As some of you may know I’m a huge Prisoner Cell Block H fan. I actually think its the best TV series ever made. If you’re into cult film, cult TV or video nasties/exploitation cinema then chances are you’ll love Prisoner.

I’ve just made a video documenting some of the most outrageous moments from the series.

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All the juicy stuff is present and correct- drugs, lynchings, murders and brandings. Theres even a sequence that will have you shaking your head in disbelief.

The videos here. But beware- its not for the faint hearted!

Scary Firework Safety Public Information Films

Scary Firework Safety Public Information Films

The 70s and 80s were a scary place in the UK.

Least not because of the terrifying Public information Films being shown at all hours of the day.

Whilst there will be a Meathook Cinema Top 10 video of these at a later date heres a video I’ve made of the scariest firework safety videos I saw as a kid.

Proceed with caution- the videos HERE.

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Shudder TV launched in the UK

Shudder TV launched in the UK

Heard of Shudder? Its a bit like Netflix for lunatics with all of the content being horror. Not a rom-com in sight!

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Its now launched in the UK and the choice of films is immense! Exclusive content includes Mattie Do’s Dearest Sister, which recently screened at the BFI London Film Festival, and French mini-series Beyond The Walls, which screened at this year’s Horror Channel FrightFest. Other exclusive titles include Sadako Vs Kayako, Rob Zombie’s 31, supernatural drama We Go On, Nathan Ambrosioni’s Therapy and Alex De La Iglesia’s Witching And Bitching.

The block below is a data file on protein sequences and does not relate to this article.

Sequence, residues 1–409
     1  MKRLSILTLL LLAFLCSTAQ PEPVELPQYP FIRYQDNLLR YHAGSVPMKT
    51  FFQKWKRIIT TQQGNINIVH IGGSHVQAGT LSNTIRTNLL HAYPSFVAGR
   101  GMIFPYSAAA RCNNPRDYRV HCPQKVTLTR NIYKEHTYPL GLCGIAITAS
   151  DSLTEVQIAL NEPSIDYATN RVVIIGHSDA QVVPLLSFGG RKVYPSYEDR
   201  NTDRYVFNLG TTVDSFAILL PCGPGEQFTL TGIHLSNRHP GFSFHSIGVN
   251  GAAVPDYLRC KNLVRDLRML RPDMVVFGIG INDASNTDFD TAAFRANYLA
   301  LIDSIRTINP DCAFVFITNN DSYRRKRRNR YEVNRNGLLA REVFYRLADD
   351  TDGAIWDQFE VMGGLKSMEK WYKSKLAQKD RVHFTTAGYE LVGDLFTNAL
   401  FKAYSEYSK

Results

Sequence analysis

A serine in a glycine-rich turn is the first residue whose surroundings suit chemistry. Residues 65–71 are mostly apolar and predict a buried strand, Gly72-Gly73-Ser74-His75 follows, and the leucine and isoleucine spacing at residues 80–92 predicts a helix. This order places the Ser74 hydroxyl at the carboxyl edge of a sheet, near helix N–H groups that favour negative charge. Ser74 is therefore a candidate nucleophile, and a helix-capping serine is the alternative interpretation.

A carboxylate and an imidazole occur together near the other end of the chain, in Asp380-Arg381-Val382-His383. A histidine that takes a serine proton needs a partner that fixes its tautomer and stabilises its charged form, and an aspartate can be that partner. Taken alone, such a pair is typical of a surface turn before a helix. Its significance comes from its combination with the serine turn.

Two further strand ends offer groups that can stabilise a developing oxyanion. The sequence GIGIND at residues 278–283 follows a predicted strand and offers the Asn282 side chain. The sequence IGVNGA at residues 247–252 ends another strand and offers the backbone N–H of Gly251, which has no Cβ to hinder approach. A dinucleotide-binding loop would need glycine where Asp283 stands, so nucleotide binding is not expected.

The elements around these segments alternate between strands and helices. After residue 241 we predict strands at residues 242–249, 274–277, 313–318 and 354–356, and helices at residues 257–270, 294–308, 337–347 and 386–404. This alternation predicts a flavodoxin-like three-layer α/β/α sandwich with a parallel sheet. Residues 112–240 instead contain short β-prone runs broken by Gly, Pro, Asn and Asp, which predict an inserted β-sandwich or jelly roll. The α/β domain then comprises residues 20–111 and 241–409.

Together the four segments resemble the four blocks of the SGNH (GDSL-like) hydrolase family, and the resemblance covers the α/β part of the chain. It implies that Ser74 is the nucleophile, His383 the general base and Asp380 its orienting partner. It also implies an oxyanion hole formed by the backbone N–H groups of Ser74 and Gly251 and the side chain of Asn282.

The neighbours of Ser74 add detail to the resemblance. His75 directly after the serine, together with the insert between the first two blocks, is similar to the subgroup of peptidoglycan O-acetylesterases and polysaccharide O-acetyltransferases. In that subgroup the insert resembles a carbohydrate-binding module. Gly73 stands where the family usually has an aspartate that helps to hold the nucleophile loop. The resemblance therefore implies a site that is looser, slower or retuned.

There are also old classics to choose from. Shudders press release says that ‘In addition, SHUDDER hosts an expertly curated library of hard to find titles and genre gems including Donald Cammell’s WHITE OF THE EYE and Jorg Buttgereit’s NEKROMANTIK which appear ONLY ON SHUDDER alongside stone cold classics from the HAMMER vaults and, for the first time on a streaming service and exclusive to SHUDDER, Clive Barker’s iconic HELLRAISER & HELLRAISER 2.’

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SHUDDER’s catalogue is available on Shudder’s website, mobile apps for iOS and Android users, Chromecast, the Roku platform and Apple TV. Theres a free one week-trial or £4.99 monthly/ £49.99 yearly membership, and more platforms being added in the months after launch.

Join up here- www.shudder.co.uk